Focus on the Terrorist Threat, Not the Numbers
How should we assess the threat that terrorism poses?
One approach is to compare its incidence to everyday threats such as getting run over by a car or falling in the bathtub -- with the implication usually being that people should just chill out. I've already written a whole column about why this is problematic. Here's a chart that illustrates one of the main reasons:
To steal from my earlier column:
There are small incidents, but there are also huge ones in which hundreds or thousands of people die. It’s a fat-tailed distribution, in which outliers are really important. It also isn’t stable: Five or 10 or even 50 years of data isn’t necessarily enough to allow one to predict with confidence what’s going to happen next year.
So it's hard to assess terrorism risk using standard quantitative methods. But not putting terrorism in some kind of quantitative context often becomes an excuse to treat the risk as something approaching infinite -- in which case no imaginable response (banning Muslims from entering the country, putting them in camps, you name it) is too extreme. That's not helpful, either.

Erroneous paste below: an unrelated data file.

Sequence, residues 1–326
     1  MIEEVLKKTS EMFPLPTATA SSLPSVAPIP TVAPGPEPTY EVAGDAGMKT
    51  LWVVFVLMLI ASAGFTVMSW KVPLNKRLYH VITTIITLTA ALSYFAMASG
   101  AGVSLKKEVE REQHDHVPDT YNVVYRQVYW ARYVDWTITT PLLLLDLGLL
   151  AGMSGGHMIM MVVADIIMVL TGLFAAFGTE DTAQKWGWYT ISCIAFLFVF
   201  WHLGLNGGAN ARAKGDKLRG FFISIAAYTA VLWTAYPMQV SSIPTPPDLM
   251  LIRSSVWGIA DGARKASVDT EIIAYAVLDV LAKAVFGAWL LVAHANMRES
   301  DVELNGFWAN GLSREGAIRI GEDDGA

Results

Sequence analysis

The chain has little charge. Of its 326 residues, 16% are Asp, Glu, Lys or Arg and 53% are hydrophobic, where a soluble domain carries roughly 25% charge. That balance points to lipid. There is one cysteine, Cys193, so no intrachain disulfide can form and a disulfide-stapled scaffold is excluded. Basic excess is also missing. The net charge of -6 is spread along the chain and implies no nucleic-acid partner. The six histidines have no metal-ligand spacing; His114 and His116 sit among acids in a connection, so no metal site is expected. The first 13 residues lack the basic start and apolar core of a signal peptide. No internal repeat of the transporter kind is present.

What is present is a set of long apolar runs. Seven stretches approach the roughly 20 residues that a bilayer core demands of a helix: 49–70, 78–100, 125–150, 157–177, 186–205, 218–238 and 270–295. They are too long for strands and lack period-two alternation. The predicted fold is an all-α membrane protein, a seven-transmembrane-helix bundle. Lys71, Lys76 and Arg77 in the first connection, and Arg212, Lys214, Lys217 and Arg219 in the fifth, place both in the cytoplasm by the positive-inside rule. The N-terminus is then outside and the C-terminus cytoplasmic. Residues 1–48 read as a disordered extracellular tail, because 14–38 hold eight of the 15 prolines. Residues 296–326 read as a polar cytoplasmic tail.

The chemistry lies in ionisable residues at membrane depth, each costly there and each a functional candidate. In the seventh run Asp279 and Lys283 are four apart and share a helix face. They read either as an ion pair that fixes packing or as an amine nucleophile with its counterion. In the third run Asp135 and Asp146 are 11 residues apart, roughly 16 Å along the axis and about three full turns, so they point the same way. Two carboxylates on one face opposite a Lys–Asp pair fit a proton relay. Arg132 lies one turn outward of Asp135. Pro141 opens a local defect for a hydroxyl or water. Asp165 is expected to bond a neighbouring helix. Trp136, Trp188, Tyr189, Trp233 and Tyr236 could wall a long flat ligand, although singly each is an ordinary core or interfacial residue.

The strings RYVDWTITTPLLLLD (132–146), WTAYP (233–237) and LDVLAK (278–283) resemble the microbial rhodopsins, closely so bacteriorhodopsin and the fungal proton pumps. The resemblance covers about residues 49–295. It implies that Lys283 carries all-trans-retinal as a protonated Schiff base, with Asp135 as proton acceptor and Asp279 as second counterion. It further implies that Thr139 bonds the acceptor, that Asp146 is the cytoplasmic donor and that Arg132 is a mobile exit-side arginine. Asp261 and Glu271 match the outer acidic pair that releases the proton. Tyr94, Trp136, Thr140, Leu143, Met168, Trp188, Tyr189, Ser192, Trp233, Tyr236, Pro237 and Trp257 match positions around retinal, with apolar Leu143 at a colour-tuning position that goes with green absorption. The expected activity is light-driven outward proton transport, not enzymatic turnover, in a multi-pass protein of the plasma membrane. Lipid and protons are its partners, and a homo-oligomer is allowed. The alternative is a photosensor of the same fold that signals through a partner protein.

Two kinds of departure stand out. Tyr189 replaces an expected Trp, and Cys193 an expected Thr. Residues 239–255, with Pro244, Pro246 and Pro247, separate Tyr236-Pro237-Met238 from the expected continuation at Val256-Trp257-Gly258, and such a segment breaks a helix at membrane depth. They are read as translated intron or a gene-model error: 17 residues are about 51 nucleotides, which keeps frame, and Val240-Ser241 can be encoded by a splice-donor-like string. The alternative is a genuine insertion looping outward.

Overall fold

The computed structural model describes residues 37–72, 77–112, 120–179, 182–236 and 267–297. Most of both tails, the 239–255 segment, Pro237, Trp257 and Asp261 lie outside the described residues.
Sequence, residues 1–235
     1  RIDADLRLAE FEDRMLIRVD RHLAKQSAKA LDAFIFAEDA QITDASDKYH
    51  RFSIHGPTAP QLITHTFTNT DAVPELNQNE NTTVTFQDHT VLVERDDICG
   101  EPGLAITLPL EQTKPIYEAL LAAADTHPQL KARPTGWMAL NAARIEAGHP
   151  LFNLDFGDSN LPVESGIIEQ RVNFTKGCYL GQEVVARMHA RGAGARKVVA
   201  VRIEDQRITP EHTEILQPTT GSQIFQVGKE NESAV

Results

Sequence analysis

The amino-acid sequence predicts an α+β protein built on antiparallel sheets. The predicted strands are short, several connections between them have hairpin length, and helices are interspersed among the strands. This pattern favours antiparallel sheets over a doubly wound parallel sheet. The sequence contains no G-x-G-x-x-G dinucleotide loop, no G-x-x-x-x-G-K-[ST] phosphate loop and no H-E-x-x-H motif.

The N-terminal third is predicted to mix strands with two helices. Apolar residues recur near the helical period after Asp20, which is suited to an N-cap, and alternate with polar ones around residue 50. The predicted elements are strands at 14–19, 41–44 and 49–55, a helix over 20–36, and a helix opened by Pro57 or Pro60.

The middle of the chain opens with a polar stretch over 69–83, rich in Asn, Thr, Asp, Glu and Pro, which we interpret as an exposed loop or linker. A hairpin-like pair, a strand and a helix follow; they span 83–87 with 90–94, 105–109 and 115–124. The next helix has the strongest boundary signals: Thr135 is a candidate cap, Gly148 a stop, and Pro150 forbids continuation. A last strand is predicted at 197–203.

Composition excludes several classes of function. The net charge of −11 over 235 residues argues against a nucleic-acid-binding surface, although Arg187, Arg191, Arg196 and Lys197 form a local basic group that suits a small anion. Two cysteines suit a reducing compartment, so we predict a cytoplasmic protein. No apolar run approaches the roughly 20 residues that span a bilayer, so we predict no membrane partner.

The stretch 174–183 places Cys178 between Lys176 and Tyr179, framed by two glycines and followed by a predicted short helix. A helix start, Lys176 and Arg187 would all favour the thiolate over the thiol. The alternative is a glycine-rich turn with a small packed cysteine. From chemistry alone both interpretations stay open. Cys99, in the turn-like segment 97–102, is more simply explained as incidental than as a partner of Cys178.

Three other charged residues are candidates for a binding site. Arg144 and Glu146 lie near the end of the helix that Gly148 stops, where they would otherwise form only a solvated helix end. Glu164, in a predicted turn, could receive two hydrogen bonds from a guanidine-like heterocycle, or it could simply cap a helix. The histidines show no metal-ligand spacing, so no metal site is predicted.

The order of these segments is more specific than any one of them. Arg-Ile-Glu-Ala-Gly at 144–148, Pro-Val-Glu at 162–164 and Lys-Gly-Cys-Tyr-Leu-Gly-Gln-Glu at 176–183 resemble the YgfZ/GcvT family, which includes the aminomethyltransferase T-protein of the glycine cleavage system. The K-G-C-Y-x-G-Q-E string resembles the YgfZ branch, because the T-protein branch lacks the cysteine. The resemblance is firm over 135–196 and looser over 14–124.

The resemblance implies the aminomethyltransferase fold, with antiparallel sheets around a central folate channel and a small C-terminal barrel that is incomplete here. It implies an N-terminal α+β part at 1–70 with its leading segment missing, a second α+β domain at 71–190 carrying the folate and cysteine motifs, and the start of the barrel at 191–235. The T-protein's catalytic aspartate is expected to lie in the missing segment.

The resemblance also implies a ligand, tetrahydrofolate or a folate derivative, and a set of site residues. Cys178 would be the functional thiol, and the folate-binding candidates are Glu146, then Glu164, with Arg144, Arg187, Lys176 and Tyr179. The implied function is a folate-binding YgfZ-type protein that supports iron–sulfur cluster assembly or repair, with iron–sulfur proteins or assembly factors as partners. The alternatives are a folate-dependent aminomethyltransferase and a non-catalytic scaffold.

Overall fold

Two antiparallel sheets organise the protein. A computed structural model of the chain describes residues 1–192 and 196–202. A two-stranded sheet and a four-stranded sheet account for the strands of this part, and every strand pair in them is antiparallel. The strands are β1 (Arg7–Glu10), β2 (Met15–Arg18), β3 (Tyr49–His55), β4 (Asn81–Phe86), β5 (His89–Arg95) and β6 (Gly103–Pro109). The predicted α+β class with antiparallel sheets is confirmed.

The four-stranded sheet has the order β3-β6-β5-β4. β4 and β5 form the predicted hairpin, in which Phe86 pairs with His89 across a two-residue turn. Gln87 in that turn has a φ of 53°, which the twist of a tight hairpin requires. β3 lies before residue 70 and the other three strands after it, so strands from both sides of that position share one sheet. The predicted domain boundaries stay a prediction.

In search of a better method, I spent some time this morning with a study on "Estimating Terrorism Risk" that the Rand Corporation prepared in 2006. Rand is the Santa Monica, California-based think tank formed by Douglas Aircraft in 1945 to advise the U.S. Air Force on military strategy that soon branched out to offer advice, usually of a quantitatively derived sort, on all manner of topics. On page 10 of the 2006 report, authors Henry H. Willis, Andrew R. Morral, Terrence K. Kelly and Jamison Jo Medby of Rand's Center for Terrorism Risk Management Policy offered this handy formula:
Measure (Terrorism Risk): The expected consequence of an existent threat, which for a given target, attack mode, and damage type can be expressed as
Risk = P(attack occurs)
∗ P(attack results in damage | attack occurs)
∗ E(damage | attack occurs and results in damage)
= Threat ∗Vulnerability ∗Consequence
So that's taken care of now, right? Problem solved.
Just kidding! I don't really understand what all that means, either. The report exhorts decision-makers to assemble "a wide range of future scenarios that could unfold" and then "choose strategies that perform well across a large number of these possible futures, rather than for a single best estimate of the future," which sounds smart enough. But then it devotes most of its pages to an assessment of terrorism risk by U.S. metropolitan area that concludes that the government should allocate terrorism-prevention resources on the basis of density-weighted population. I think I could have figured that out on my own, without a statistical model.
Still, there is a saving grace, in the form of this explanatory paragraph on page 11: